Tour All of These Historical Sites That Have Inspired Great American Literature

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grand hotel Mackinac Island, Michigan
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For more than a year, reading was our safest way to "travel." Now that we're turning a new page, consider a rich—and very real—escape. Across the country, there are countless landscapes that have inspired works of literature, and visiting them means you can bring children's classics to life, soak up inspiration at our national parks, and pay (over)due respect to several legendary women.

It's fun for the whole family, too: Read stories, see book illustrations (hello, Very Hungry Caterpillar), and let kids make their own at the Eric Carle Museum of Picture Book Art, in Amherst, Massachusetts. Splash with Ramona Quimby and Henry Huggins in the Beverly Cleary Sculpture Garden's spray fountain; it's inside Portland, Oregon's, Grant Park, a quick walk from real-life Klickitat Street. Or hoist yourself up into a New York, New Haven & Hartford Railroad car, tricked out like the home of the Alden siblings in the Boxcar Children series, at the Gertrude Chandler Warner Boxcar Children Museum, in Putnam, Connecticut.

There's plenty in modern works, too: Brooklyn's Books Are Magic, co-owned by novelist Emma Straub, hosts events with debut authors like former employee Liv Stratman, whose romantic dark comedy Cheat Day is out now. Look out for co-owner Ann Patchett, the author of The Dutch House, at Parnassus Books in Nashville. Booked Up stocks "fine, rare, and scholarly books" in Archer City, Texas, the town its late owner, native son Larry McMurtry, fictionalized in The Last Picture Show. Beastly Books, in Santa Fe, owned by Game of Thrones overlord George R. R. Martin, stands next door to his indie movie theater, Jean Cocteau Cinema.

To explore more of these iconic sites, check out our itinerary and don't forget to pack a bit of reading for the trip.

01 of 41

Seattle, Washington

tourist attraction illustration
Illustration by Zoë Barker

Go in search of the title character of Maria Semple's 2012 hit Where'd You Go, Bernadette ($10.16, at the Seattle landmarks she visits: the Space Needle, the Rem Koolhaas-designed Central Library, and Microsoft's headquarters in nearby Redmond (its visitors' center also has self-guided tours).

02 of 41

New York, New York

Lush Summer Greens and Central Park's Gapstow Bridge
Vicki Jauron, Babylon and Beyond Photography / Getty Images

Live out a library's worth of book scenes in New York City's Central Park. It's where Holly Golightly rode a horse in Breakfast at Tiffany's ($14.94,, Holden Caulfield watched the ducks in the lagoon in The Catcher in the Rye ($14.99,, and Stuart Little ($15.99, won a sailboat race in the Conservatory Water pond.

03 of 41

San Francisco, California

view of chinatown street san francisco
Peter Unger / Getty Images

Revel in the atmosphere of Amy Tan's The Joy Luck Club ($15.30, on Waverly Place—a vibrant, flag-festooned alley in San Francisco's Chinatown that provided the name of one of her characters. Known as the Street of Painted Balconies, it's home to Tin How, one of the country's oldest Buddhist temples, and Mister Jiu's, a Michelin–starred Chinese restaurant in an 1880 banquet hall.

04 of 41

Maryland's Eastern Shore

harriet tubman house cambridge maryland
Jonathan Newton /The Washington Post via Getty Images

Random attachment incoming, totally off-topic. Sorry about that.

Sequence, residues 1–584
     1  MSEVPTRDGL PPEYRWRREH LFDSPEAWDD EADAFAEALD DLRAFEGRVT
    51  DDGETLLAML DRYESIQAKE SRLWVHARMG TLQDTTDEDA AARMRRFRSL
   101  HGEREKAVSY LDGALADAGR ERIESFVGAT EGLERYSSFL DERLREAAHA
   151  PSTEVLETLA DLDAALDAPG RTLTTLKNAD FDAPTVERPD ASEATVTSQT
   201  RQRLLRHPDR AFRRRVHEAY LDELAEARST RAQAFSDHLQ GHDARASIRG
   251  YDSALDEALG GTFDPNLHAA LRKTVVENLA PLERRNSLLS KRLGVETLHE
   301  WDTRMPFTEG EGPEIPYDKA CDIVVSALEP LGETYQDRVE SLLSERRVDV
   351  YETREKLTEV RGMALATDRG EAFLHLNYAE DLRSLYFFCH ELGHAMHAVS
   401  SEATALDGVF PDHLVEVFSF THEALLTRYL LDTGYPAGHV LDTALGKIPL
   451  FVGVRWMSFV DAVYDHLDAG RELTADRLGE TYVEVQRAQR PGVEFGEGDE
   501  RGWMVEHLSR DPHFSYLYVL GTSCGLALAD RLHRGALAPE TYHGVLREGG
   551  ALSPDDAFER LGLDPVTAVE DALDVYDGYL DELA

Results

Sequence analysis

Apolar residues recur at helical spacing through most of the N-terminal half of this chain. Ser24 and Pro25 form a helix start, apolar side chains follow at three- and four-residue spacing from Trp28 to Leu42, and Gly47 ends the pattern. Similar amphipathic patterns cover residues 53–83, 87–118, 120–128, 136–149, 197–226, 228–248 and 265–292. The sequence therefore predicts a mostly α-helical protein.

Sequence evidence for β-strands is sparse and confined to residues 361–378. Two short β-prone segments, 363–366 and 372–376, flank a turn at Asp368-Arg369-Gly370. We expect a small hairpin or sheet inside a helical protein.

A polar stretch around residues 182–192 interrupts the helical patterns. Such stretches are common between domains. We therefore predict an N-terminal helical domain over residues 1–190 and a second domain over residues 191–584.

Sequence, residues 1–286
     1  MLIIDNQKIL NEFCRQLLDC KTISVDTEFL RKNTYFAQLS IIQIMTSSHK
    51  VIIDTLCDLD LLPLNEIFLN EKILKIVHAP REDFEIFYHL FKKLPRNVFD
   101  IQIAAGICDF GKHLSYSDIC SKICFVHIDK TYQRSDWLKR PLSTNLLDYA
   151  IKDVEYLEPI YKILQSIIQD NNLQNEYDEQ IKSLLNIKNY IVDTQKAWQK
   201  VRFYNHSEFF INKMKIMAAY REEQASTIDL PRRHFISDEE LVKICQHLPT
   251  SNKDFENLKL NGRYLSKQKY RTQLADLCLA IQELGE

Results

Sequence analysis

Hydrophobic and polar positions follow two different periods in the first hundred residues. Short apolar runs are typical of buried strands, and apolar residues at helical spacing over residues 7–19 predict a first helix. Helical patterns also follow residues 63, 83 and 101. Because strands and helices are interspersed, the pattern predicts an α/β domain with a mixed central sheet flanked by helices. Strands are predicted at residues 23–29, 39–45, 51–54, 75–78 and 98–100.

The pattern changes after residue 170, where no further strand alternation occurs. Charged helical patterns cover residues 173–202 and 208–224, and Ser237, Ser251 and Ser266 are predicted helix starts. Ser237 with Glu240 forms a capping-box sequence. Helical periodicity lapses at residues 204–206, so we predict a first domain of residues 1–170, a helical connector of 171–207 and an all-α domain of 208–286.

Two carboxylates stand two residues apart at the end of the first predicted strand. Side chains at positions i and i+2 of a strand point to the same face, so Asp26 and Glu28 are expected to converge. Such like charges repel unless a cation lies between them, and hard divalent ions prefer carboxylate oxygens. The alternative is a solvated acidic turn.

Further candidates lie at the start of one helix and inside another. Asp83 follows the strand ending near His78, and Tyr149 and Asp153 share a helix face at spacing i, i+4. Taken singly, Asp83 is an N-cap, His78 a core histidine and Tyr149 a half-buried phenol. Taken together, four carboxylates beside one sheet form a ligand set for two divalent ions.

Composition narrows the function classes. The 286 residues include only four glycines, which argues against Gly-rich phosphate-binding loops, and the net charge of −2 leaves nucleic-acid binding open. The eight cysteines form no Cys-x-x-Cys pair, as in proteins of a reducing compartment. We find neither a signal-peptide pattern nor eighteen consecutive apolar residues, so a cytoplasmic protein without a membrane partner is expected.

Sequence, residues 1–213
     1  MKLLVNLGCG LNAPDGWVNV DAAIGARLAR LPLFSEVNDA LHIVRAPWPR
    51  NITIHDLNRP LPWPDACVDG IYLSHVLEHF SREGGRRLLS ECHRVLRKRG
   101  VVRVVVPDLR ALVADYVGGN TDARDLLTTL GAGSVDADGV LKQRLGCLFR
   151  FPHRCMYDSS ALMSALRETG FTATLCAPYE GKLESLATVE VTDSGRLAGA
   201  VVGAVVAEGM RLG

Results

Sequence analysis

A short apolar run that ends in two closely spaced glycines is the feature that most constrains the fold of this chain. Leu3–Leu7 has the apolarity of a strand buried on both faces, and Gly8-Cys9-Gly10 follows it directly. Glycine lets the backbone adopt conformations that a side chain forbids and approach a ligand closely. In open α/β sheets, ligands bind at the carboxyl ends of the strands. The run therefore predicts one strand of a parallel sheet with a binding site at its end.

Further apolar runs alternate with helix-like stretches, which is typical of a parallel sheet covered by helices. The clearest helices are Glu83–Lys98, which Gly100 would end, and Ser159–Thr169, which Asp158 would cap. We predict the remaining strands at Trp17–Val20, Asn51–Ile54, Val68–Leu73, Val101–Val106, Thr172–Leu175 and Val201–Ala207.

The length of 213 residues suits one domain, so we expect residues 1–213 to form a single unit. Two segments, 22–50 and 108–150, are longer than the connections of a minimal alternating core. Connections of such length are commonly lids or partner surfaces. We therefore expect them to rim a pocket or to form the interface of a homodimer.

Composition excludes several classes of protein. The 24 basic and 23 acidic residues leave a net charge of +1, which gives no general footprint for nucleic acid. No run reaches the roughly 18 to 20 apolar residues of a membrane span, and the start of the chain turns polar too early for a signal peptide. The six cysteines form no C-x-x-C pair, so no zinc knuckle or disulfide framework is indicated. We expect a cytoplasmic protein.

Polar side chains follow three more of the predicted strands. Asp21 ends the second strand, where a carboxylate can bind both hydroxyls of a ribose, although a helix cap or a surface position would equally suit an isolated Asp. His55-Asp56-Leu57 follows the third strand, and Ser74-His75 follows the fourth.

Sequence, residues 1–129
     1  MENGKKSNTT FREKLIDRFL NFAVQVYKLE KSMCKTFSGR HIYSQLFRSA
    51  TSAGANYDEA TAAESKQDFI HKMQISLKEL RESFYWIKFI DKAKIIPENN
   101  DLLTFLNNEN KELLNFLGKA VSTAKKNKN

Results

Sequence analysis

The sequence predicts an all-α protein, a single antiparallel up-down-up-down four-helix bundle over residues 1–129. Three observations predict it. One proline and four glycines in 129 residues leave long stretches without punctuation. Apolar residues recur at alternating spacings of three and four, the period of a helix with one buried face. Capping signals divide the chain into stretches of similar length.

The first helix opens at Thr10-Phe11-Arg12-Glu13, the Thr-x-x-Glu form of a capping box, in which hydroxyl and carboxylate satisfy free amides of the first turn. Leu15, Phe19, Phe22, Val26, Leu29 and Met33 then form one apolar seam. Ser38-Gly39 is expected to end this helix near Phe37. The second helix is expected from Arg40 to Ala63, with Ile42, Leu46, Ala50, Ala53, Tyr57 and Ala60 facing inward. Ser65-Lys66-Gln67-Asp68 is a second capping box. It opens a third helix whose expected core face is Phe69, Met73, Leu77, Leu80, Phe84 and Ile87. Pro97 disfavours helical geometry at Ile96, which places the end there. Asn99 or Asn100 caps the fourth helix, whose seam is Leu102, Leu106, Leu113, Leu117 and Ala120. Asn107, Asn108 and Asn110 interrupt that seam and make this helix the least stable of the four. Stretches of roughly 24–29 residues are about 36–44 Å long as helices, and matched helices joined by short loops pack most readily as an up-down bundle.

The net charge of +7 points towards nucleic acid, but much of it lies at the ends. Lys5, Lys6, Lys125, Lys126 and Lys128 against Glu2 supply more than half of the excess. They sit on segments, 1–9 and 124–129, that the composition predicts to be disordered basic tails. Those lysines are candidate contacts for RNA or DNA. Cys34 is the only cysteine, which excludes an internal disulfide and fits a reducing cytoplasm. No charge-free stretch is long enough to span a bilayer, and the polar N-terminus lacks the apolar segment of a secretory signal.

Bring some books inspired by history—whether it's Who Was Harriet Tubman? ($15.99,, by Yona Zeldis McDonough, for kids; or a novel like Ta-Nehisi Coates's The Water Dancer ($15.99, or Colson Whitehead's 2017 Pulitzer winner The Underground Railroad ($14.94,—and set off to drive the 223-mile Harriet Tubman Byway. The three-state, self-guided trip starts in Cambridge, Maryland, near where Tubman is thought to have lived as a child, and stops at 45 sites as you head north, including the Corbit-Sharp House, home of Quaker abolitionists, in Odessa, Delaware; and white-steepled Independence Hall in Philadelphia, where the Declaration of Independence was signed.

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U.S. Route 14

U.S. Highway 14 in western South Dakota
Dennis Anderson/Star Tribune via Getty Images

Love the Little House series? Drive the Laura Ingalls Wilder Historic Highway (otherwise known as U.S. 14), starting at her birthplace in Pepin, Wisconsin, now a museum with a just-like-you-pictured-it repro of the real Little House in the Big Woods ($4.99,, which is also referred to as the Wayside Cabin. Forge ahead to Walnut Grove, Minnesota, where the Laura Ingalls Wilder Museum has preserved four buildings from the family's time there, then head to the Ingalls Homestead in De Smet, South Dakota, to go on a covered-wagon ride or even camp in one.

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Durango, Colorado

Strater Hotel in Durango, Colorado
KaraGrubis / Getty Images

Read the room at this famous lodging: Louis L'Amour spent every August for a decade writing westerns in room 222 of The Strater Hotel, which is an 1887 landmark.

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Ketchum, Idaho

sun valley lodge idaho
Drew Angerer / Getty Images

Ernest Hemingway made the legendary Sun Valley Lodge his home base in the fall of 1939, hunting and fishing in Sun Creek Preserve and penning parts of For Whom the Bell Tolls ($19.49,

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New Orleans, Louisiana

building facade hotel monteleone new orleans
Courtesy of Hotel Monteleone

Hotel Monteleone is the first stop on the University of New Orleans "Writers' Block" walking tour for lots of good reasons, among them: William Faulkner was a frequent guest, Tennessee Williams immortalized it in The Rose Tattoo, and Truman Capote's mother went into labor with him here.

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Louisville, Kentucky

skyline view louisville kentucky
Sean Pavone / Getty Images